The Sin of Omission by Margaret E. Sangster

It isn't the thing you do, dear,
Its the thing you leave undone
That gives you a bit of a heartache
At setting of the sun.
The tender work forgotten,
The le
A big fat book of many types of stories that are arranged by the virtue they illustrate- honesty, hard work, courage, etc. There's a little bit of everything in here for a family- from a little spooky tale of The Wee, Wee Woman to the inspiration of Washington's Farewell Address.There are Greek myths and retellings of scripture stories. There are songs and poems. There are even things we didn't agree with, or the kids found disturbing in small ways. They led to important discussions on dealing w ...more
Rebecca Durrant
This book was given to me when I was going into High School, and it sat on my shelf collecting dust until now. I wish I had read it when I got it 7 years ago, because it has such wonderful stories in it that probably would have been good for me to read at that time in my life.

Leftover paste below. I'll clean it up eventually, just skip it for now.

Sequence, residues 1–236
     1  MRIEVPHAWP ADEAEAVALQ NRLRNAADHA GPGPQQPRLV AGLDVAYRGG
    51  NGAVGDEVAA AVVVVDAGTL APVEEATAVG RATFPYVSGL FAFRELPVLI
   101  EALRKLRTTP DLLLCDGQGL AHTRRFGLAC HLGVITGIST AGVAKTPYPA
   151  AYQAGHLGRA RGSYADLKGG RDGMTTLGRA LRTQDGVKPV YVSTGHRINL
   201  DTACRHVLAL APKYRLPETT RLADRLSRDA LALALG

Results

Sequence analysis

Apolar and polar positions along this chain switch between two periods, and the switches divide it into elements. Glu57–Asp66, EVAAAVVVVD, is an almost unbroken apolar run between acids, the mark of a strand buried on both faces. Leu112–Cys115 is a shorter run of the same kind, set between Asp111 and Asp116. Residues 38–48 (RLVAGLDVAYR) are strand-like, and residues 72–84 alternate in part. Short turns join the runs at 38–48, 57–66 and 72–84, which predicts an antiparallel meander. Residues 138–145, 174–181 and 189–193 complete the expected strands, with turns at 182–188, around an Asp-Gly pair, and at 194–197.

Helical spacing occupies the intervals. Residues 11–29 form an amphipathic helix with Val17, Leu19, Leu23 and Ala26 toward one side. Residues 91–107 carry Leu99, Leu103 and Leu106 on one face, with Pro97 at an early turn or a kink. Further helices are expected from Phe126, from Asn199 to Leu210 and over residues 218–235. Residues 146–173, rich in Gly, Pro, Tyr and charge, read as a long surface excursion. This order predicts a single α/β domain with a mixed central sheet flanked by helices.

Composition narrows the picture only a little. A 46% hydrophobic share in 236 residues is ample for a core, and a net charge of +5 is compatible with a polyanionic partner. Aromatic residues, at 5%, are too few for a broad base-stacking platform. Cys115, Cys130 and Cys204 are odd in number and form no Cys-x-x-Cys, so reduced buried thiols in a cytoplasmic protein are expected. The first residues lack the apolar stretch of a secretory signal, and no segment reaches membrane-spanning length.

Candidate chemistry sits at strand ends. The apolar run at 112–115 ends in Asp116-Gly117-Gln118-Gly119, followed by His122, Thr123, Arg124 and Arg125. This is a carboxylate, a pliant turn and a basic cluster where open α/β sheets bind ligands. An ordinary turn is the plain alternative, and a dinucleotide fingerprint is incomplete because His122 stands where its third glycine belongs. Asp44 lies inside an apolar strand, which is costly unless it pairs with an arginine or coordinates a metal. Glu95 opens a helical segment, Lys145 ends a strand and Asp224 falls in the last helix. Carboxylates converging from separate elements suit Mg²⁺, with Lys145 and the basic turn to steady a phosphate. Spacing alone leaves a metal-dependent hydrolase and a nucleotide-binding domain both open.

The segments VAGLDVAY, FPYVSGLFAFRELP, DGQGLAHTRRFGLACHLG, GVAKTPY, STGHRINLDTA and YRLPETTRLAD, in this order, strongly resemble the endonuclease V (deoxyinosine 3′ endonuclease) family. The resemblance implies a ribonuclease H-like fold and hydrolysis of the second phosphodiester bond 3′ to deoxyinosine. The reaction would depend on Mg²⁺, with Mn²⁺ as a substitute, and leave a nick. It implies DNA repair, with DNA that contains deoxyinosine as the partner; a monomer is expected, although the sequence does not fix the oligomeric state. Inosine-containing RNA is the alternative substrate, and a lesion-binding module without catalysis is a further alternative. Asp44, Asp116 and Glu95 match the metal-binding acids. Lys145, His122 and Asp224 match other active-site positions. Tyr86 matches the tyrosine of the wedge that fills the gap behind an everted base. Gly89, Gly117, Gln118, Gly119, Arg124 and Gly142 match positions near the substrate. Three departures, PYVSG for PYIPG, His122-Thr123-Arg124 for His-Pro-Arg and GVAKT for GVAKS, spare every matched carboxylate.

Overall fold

There are stories from Aesop, Dickinson, Tolstoy, O'Henry, and more that all explore different qualities that we should value and emulate. These qualities are self-discipline, compassion, responsibility, friendship, work,
This audio collection is very nostalgic for me. I remember the times when my mother would play these for me (in glorious cassette form, no less!), and I would listen to these memorable stories, told with only the most soothing of voices, until I fell asleep. When I got older, my mother had the cassettes recorded and burnt into CDs, and I, in turn, got the MP3s and listen to them on my portable media player from time to time.

The stories come from far and wide, featuring the mighty Genghis Khan to
I've had a copy of this book for years and finally read it.

I would venture to say that many (most?) people who grew up in the 70s, 80s, and 90s won't know many of the stories contained here. So the kids growing up today won't have a clue. That's a shame.

This is not really a sit-down-and-read-all-the-way-through book, but one that's better for fireside readings where you talk it over afterwards, because the stories contain lessons that are timeless and true for everyone. This book inspired me t